It has occurred to me that giving letter grades to students in school is a form of rating some better than others that has nothing to do with whether they are successful or not. If the lowest passing grade is a D-, then a student who gets that grade will still pass, just as much as one who gets an A+. So why bother with such grades at all?
I would propose instead that all students be allowed only TWO levels of achievement: P (pass) or F (fail) and that in order to pass, they must score an average of at least 90% on tests in a certain subject, the average being calculated at the end of a school year instead of every six weeks.
Another reform I would make would be to stop graduating students from high school after they complete 12th grade. Instead, I think the various levels in school should be:
Elementary school: Level I through Level V (I’m using Roman numerals for the various levels),
Middle school: Level VI though X,
High school: Level XI though Level XV.
with “college” or “university” levels eliminated because they will be integrated with the high school levels.
For example, in math, basic arithmetic could be Levels I and II, algebra could be Level III or IV, and calculus could be Level X or XI. Similar designations would be made for other subjects.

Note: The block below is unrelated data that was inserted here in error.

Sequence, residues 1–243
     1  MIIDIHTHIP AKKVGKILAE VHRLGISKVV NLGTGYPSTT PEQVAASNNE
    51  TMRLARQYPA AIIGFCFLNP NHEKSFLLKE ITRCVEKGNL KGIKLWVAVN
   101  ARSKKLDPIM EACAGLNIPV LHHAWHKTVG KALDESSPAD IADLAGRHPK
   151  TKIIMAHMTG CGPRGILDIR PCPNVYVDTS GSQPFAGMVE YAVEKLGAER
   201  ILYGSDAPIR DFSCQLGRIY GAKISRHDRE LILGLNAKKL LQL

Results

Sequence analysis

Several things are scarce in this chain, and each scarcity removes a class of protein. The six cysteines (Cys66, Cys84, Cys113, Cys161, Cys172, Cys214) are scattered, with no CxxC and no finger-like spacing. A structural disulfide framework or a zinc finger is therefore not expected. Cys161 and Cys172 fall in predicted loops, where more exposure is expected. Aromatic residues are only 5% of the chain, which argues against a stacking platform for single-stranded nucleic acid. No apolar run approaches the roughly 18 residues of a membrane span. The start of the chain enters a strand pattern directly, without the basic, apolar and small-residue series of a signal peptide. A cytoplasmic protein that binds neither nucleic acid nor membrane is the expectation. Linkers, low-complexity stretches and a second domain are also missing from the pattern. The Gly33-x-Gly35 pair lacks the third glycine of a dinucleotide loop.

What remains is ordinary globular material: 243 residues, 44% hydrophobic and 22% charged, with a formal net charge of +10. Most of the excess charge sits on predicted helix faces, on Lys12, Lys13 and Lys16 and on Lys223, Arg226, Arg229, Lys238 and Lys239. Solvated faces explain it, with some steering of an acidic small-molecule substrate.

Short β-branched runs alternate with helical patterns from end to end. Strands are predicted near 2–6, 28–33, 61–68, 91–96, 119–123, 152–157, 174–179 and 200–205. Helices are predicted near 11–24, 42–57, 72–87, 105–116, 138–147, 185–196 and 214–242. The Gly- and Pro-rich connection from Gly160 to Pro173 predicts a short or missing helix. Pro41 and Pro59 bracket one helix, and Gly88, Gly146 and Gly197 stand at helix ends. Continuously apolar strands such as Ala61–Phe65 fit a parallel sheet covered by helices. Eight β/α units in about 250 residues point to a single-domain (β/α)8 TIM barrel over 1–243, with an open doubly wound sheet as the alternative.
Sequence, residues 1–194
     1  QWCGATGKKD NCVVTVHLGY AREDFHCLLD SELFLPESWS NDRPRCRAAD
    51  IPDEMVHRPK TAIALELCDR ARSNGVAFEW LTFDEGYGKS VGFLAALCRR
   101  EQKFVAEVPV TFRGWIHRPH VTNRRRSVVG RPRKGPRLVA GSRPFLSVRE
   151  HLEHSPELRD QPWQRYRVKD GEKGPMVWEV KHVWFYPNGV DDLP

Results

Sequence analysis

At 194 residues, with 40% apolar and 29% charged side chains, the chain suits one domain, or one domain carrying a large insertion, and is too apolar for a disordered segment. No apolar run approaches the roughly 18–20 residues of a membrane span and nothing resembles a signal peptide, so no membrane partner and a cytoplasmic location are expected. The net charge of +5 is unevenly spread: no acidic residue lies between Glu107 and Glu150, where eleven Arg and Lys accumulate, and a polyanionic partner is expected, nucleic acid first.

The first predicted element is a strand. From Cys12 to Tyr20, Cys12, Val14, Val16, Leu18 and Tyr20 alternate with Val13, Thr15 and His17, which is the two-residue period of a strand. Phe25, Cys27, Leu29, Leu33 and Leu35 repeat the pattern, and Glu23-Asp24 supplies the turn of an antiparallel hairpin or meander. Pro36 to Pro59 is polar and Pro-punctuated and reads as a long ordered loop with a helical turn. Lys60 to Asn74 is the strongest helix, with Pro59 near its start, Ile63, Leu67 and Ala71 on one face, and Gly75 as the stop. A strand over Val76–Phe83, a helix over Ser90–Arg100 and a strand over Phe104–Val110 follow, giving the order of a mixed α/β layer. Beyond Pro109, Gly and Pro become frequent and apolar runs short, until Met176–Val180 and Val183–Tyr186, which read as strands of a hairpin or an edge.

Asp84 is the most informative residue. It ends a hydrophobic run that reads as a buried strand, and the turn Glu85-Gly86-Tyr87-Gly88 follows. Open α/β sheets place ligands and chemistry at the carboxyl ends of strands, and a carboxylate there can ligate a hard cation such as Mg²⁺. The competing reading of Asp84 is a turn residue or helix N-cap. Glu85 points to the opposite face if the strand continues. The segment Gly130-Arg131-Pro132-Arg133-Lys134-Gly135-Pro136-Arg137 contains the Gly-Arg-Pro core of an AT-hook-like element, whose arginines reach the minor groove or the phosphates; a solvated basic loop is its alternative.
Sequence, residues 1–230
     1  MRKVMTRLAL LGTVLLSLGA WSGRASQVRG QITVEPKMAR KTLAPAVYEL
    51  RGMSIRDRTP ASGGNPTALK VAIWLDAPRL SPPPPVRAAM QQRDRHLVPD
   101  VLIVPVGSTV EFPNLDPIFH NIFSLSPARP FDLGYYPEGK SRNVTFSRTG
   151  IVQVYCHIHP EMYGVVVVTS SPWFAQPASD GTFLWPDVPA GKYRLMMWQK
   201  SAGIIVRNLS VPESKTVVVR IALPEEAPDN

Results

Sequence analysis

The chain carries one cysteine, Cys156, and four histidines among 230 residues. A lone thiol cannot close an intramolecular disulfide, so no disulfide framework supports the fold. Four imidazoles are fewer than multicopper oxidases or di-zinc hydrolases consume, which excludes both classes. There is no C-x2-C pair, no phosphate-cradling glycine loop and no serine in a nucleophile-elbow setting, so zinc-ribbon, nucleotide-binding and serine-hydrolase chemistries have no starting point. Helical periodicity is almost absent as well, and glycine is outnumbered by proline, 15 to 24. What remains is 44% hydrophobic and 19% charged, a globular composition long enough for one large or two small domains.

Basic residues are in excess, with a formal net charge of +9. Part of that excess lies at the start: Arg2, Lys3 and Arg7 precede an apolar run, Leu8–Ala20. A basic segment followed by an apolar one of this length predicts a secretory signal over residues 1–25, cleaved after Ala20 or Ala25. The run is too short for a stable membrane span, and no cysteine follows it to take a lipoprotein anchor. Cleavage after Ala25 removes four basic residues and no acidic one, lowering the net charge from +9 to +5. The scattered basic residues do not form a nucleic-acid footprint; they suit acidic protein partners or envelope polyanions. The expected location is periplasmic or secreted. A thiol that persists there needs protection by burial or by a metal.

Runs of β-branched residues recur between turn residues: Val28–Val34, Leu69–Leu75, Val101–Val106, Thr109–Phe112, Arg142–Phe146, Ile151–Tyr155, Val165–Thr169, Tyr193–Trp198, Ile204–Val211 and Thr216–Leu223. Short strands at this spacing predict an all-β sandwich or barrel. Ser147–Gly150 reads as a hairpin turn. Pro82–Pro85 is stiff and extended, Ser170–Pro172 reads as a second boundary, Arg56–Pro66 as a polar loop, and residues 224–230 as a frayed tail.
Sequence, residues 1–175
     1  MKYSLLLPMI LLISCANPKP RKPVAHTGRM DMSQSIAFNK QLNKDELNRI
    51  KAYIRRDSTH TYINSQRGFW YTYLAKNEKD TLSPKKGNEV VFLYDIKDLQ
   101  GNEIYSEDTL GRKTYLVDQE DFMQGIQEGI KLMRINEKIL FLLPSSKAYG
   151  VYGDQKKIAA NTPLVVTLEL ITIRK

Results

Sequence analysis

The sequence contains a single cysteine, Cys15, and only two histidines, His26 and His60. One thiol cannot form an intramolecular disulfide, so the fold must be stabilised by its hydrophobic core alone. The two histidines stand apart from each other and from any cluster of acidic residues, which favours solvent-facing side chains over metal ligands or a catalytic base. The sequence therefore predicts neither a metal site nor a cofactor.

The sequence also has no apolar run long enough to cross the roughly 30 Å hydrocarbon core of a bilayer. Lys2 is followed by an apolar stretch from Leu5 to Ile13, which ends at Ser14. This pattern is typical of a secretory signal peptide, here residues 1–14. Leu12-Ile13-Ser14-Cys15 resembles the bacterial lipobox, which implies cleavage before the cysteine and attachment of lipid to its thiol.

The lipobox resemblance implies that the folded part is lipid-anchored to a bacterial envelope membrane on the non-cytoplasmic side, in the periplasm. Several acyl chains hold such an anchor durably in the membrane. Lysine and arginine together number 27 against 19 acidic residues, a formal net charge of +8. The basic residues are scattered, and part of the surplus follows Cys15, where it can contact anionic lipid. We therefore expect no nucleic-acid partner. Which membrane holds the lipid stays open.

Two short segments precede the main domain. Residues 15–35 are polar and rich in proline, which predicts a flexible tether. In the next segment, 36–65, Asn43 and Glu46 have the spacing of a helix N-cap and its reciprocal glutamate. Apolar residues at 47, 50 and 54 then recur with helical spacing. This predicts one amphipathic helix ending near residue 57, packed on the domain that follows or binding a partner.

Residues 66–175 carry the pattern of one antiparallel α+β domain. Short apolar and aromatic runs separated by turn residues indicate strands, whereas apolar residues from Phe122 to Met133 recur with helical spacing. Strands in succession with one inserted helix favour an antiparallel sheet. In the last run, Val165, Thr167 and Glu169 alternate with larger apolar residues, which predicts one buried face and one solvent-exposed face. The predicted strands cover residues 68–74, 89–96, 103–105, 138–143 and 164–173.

A student who fails a level would be forced in the next year to retake the course(s) he failed, without exception. Thus if he was at Level II, he would remain at that level until he passes all his Level II courses. Thus, there might be children well past puberty that would still be in elementary school. Students who have finished elementary school but not yet reached middle school may leave school, though their job prospects would be limited. The same is true for students that have finished middle school but not yet reached high school.
ROTE LEARNING MUST BE BANNED! Instead, children of all ages should be expected to express creativity and critical thinking by writing the answers to their tests in essay form, not merely marking “true” or “false” to a question or answering a multiple choice question in which it is possible to get the right answer by accident or by cheating! By causing children to take controversial positions and defend them before their peers, they may soon learn that many things they assumed were absolutely true from their parents and others are not necessarily so.